Hundreds of families are leaving several centers in the province of Deraa. Local sources speak of 12,500 displaced people, a figure far above the 2,500 declared by the UN. Assad ready to negotiate a "political solution", but does not exclude "the use of force" to regain control of the area.
Damascus (AsiaNews / Agencies) - Hundreds of families are fleeing rebel controlled areas in southwest Syria, in anticipation of a massive offensive by government forces. According to data provided by the UN, at least 2500 people have fled from the province of Deraa; however, an activist group in the area speaks of 12,500 displaced persons and the number continues to increase.
Regular army troops and militias loyal to President Bashar al-Assad have reinforced artillery assaults in the region, which borders Jordan and the Golan Heights, occupied by Israel. An area that should be part of the "de-escalation" zones in the conflict mediated by Russia, Turkey and Iran.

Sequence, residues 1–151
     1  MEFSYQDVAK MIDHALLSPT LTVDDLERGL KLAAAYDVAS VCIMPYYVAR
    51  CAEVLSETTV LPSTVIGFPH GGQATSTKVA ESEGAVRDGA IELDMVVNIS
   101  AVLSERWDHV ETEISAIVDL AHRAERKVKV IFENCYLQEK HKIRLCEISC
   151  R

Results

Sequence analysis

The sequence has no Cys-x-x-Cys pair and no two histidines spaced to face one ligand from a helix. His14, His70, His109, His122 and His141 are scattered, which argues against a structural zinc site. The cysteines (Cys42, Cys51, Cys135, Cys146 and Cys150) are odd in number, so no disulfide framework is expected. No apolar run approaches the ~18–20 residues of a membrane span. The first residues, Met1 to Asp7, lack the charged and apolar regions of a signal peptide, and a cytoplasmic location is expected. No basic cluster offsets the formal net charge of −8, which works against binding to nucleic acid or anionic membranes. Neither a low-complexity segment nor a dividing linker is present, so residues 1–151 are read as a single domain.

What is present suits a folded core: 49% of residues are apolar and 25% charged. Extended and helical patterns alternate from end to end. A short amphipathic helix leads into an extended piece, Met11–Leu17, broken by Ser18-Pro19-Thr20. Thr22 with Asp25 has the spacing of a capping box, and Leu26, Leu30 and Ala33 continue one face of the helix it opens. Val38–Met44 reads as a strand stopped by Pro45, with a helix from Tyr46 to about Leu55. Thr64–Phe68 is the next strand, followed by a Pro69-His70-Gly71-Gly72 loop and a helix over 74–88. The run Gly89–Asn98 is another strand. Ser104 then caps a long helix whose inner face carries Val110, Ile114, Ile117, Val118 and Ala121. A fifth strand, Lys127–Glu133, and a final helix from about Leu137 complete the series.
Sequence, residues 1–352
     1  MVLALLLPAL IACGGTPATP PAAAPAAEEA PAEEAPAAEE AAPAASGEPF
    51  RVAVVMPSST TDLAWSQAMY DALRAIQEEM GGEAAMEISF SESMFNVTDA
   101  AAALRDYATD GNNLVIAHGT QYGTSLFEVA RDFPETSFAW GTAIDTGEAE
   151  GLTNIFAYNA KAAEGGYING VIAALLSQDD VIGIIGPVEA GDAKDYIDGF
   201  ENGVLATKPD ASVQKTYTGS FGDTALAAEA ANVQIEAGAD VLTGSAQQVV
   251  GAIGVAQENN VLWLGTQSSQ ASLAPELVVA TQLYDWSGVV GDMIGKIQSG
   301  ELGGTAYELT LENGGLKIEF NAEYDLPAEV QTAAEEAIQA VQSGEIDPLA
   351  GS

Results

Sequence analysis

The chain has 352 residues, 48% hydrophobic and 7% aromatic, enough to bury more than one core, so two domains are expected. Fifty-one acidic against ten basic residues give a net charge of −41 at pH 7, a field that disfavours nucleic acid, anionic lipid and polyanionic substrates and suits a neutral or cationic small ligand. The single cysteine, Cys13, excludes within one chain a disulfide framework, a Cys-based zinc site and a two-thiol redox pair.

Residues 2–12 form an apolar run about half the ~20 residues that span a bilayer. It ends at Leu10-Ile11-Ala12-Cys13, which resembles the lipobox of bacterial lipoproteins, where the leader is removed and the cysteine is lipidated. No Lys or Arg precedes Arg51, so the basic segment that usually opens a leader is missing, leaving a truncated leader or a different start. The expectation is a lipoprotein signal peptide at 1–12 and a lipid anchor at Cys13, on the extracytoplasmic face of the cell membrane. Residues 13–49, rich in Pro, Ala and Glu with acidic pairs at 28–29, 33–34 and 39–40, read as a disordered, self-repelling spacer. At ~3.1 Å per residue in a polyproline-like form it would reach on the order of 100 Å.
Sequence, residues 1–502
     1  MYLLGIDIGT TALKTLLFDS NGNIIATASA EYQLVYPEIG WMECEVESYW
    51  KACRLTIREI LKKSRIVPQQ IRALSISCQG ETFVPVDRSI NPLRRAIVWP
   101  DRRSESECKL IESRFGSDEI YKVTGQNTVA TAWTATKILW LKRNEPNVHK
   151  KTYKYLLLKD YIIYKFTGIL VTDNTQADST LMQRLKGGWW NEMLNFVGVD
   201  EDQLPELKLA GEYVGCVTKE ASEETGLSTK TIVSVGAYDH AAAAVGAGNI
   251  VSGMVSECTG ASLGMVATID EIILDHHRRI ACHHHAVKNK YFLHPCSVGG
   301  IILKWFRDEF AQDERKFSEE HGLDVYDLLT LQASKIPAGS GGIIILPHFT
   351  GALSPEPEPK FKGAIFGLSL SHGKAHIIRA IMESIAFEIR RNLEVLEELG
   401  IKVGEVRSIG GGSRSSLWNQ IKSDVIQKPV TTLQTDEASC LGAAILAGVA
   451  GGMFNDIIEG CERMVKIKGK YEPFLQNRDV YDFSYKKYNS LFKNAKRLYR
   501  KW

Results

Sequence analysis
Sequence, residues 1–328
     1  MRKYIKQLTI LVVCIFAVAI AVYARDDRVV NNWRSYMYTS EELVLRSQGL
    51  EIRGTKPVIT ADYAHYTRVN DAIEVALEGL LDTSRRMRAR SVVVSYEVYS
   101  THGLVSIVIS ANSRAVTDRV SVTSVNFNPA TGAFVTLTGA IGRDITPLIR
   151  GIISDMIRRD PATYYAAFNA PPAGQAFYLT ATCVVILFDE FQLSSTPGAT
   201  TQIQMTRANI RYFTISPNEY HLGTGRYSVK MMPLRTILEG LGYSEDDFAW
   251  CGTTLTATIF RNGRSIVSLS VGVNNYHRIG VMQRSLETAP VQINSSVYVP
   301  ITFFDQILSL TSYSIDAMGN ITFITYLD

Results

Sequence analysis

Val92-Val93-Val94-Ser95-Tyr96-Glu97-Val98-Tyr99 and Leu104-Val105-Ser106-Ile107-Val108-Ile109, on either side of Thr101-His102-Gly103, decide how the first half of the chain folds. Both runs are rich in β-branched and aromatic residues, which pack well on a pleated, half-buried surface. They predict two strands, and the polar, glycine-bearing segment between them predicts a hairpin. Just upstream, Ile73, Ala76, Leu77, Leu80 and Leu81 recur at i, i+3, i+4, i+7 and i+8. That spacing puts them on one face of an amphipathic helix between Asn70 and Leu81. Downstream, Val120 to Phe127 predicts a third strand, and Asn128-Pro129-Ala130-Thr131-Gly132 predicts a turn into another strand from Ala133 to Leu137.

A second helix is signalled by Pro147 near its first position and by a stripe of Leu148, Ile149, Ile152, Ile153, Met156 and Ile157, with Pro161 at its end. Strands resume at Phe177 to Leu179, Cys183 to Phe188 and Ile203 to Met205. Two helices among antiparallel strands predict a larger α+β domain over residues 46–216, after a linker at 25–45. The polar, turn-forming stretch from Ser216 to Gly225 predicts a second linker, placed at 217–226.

Last week, the United States, allied with the anti-Assad rebel militias in the context of the Syrian conflict, threatened to intervene with very harsh responses to attacks. The fear is that the government offensive can trigger a chain response that will cause further violence and civilian casualties.
The war in Syria broke out in March 2011 as a street revolt against the government and turned into a proxy conflict involving the main regional and international powers. To date it has caused over 350 thousand deaths and 11 million displaced persons. And it has triggered the worst humanitarian catastrophe since the Second World War.
Local sources report that displaced people are fleeing south, in an enclave on the border with Jordan controlled by the rebels that has not yet been affected by the bombing. According to the government media, the bombs target extremist groups linked to al Qaeda in the towns of al-Hirak and Busra al-Hariri. In addition, the rockets launched by the "terrorists" in response to the offensive would have caused two civilian casualties.
In a recent interview, President Assad confirmed that the south-western region of Syria is the next target for a series of military interventions that have allowed the government to regain control of much of the country. He added that the hope is to find a "political solution" but he does not exclude the use of force to free the area "if there are no other options" on the table.